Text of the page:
This year though I think I’ve found an insight that may lead to an eventual solution. Normally at this time I’m so stressed that I start putting things off. The cat needs to get blood tests at the vet? That can wait until after finals. My dresser has fallen apart, and I need to get a new one? That can wait until after finals. Our bed has given up after more than a decade? That can wait until after finals. While this is less stressful in the immediate term, it also eats away at my peace for the summer break since spend the first month catching up on all the things I put off. About three weeks ago I made the decision that I wasn’t going to postpone things. I would just schedule the vet appointment now. I would buy that dresser and make the time to pare down my clothes to fit into the new one. (Ok, I haven’t made the time for bed shopping, but two out of three isn’t bad). I resolved that there simply was no pause button on my life.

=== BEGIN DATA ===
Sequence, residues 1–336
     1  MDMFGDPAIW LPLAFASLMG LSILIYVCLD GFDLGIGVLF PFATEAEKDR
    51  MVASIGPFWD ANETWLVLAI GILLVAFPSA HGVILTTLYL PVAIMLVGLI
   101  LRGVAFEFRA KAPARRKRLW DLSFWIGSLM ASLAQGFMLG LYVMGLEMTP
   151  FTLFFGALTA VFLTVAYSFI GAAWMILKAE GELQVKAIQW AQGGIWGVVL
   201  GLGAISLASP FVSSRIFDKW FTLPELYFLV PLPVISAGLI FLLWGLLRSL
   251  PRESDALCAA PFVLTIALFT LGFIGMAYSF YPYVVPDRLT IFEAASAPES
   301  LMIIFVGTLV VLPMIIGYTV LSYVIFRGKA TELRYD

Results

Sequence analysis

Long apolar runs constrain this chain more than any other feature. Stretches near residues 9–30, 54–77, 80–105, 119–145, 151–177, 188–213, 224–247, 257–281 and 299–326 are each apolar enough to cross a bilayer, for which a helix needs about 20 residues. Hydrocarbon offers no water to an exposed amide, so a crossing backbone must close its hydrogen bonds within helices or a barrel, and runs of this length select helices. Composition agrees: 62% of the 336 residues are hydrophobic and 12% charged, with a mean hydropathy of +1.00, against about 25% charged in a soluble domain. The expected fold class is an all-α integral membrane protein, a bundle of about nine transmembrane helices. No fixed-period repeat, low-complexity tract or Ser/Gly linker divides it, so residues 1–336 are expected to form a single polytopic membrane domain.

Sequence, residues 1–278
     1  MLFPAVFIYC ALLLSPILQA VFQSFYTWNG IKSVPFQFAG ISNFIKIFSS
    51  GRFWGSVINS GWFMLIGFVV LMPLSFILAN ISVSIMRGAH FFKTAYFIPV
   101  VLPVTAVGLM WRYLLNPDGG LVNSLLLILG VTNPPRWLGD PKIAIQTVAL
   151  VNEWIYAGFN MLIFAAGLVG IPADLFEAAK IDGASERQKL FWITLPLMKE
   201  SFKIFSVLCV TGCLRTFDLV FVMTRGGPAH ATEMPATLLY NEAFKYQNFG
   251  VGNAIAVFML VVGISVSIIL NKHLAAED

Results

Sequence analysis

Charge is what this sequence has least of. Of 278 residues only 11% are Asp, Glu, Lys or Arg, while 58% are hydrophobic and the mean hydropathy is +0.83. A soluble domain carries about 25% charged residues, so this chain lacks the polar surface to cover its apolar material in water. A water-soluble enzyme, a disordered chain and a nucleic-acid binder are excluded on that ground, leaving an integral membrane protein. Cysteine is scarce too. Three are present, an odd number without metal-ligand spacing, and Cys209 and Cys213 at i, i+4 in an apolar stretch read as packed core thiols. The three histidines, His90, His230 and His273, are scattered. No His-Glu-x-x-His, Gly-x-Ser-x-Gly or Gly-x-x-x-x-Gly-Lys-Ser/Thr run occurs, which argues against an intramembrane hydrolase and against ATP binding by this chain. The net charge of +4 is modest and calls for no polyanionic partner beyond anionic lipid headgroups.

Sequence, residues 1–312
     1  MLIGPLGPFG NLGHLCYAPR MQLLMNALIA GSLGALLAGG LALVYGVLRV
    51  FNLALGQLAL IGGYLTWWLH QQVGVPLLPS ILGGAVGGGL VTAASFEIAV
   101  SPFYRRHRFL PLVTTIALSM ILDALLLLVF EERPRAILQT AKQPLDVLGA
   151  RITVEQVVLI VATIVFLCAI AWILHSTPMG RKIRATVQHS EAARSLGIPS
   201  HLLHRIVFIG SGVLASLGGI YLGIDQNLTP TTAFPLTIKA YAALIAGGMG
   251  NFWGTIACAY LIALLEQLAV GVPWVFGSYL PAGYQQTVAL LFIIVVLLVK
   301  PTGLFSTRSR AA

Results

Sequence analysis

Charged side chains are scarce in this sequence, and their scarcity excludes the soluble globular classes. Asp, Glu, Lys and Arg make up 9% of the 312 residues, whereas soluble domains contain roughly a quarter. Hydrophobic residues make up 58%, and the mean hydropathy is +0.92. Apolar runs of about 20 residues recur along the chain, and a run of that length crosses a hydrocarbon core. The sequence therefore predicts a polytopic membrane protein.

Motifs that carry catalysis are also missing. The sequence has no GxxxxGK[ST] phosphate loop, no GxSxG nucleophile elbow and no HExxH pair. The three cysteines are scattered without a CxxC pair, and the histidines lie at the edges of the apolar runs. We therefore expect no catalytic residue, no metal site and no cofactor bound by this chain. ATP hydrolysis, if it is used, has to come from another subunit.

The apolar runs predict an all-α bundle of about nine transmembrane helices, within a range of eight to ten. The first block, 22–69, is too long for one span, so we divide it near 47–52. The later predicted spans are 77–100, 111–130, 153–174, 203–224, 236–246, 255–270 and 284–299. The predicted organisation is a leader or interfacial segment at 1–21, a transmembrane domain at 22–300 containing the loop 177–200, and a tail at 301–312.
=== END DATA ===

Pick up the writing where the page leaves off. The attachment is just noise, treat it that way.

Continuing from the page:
It has made life a bit more hectic. But oddly it’s also made me feel less stressed. Not having to wait for the things I want or need in my personal life makes me happier, and a happier me deals with the stressful spring quarter better. I never expected that having (slightly) more things to do would make me feel less stressed, but it’s a nice discovery.
Anyone who has met me knows that I appreciate and value honesty, even when it’s painful. I also know that not everyone feels the same way, and it’s hard to be completely honest about your research. So I was stunned today when I read the following quote in an article on MOOC research:
“It’s almost like we went through this sort of shameful period where we forgot that we were researchers and we forgot that we were scientists and instead we were just making decisions and proclamations that weren’t at all scientific,” said Mr. Siemens, an academic-technology expert at the University of Texas at Arlington.
Hype and rhetoric, not research, were the driving forces behind MOOCs, he argued. When they came onto the scene, MOOCs were not analyzed in a scientific way, and if they had been, it would have been easy to see what might actually happen and to conclude that some of the early predictions were off-base, Mr. Siemens said.
That is an amazing statement, one that I completely agree with, but one that I never expected to see in print. It gives me yet more hope that MOOC researchers are going to increasingly turn to understanding where and when MOOCs can be useful in education. I can’t wait to see what they find.